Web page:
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  1. The Governor General of Canada
  2. Her Excellency the Right Honourable Julie Payette
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Gairdner Foundation Annual Gala Awards Dinner

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Toronto, Thursday, October 28, 2010


Good evening everyone! 

Let me add my own words of welcome to our distinguished guests—Ambassador Delattre, of France, High Commissioner Cary of Great Britain. We are honoured you are here with us this evening.

It is always a pleasure to come to this beautiful building. I am told that the Royal Ontario Museum was opened in 1914 by a predecessor of mine—the Duke of Connaught. It is good to see that the welcome mat is still out for Governors General nearly 100 years later!

I want to congratulate the Gairdner Foundation, not only for this event, but for an entire week of celebrating science across the country.  For more than 50 years now, you have recognized the world’s most accomplished biomedical scientists. During that time, the Gairdner Awards have become one of the world’s preeminent—and most coveted—honours.  Indeed, as has often been pointed out, many of the Gairdner award winners go on to receive Nobel prizes. I guess it just proves that Canadians know talent when we see it!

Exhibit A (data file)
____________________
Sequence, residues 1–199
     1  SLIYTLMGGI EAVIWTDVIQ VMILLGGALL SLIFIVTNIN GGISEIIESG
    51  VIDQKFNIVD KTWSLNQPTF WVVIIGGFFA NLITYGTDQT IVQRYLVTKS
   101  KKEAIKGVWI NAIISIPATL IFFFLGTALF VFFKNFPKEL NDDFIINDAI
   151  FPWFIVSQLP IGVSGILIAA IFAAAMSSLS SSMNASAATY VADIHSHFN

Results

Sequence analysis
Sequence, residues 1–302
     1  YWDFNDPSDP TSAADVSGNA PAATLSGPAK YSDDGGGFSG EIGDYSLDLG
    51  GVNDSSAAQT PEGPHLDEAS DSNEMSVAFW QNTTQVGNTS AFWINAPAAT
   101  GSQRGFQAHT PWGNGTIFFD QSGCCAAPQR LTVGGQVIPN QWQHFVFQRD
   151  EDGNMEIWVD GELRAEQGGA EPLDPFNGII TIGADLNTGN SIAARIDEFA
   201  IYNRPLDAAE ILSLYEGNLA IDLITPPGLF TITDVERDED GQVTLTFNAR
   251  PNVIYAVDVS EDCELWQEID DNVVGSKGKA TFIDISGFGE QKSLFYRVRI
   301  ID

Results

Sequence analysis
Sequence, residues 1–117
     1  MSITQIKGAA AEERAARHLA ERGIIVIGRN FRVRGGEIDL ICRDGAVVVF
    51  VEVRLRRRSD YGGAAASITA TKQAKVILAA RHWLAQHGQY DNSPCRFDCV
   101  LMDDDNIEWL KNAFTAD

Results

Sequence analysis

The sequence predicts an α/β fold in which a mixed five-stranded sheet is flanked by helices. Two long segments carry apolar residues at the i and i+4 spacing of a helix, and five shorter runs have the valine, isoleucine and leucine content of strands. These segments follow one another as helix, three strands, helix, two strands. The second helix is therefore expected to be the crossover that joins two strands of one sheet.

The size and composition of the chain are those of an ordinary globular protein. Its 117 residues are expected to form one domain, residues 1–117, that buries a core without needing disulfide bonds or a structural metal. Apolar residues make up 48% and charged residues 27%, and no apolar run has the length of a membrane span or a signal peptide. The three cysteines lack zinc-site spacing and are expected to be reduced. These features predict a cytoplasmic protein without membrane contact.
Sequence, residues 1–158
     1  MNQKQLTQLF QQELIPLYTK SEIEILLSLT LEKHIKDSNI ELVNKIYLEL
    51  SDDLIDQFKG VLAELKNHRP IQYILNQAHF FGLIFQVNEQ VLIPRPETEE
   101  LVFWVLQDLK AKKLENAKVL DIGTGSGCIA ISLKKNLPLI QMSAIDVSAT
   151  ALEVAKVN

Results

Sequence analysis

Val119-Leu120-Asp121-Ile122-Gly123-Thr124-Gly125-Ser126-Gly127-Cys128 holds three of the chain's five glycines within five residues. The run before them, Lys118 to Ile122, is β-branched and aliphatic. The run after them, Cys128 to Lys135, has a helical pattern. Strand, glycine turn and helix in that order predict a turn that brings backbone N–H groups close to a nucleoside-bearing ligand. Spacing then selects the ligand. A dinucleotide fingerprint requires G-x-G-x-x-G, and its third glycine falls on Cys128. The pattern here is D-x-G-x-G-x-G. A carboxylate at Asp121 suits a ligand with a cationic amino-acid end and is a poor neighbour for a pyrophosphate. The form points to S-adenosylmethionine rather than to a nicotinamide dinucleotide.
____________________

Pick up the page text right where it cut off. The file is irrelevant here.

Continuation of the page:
I want especially to congratulate Gairdner on the science outreach.

The quality of your past winners is an impressive tribute to the standards you set and the due diligence you conduct. And that tradition continues tonight as we honour scientists who are truly world class. My congratulations to all of the winners.

A few weeks ago, during my installation address, I spoke about wanting to promote a smart and caring Canada. A nation where all Canadians can grow their talents; where all Canadians can succeed and contribute.

To achieve that vision, I outlined three pillars: supporting families and children; reinforcing learning and innovation; and encouraging philanthropy and volunteerism.

Tonight, I would like to speak for just a few moments about one of those pillars—learning and innovation. And quite frankly, I can’t think of a more appropriate venue.

After all, health research is where smart and caring intersect, the meeting place between heart and head. It is where the best brains pursue excellence in the service of their fellow human beings. And it is where innovation drives discovery.

Similarly, the smart and caring Canada I envision will measure itself by how well it develops the talent of its people—and how it uses their knowledge to improve the human condition. It will provide every opportunity for every child to grow intellectually, to the limit of their ability. And that means paying particular attention to women—because a society that only engages half of its population is a society that will only achieve half as much.

Having built a nation that learns, Canada must also foster a nation that cares, that looks outward, beyond its borders, to the wider world.